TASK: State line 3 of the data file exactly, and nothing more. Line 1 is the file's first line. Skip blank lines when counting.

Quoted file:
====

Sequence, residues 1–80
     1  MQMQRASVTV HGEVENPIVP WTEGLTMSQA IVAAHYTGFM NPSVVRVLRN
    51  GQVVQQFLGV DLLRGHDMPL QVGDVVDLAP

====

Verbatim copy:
    51  GQVVQQFLGV DLLRGHDMPL QVGDVVDLAP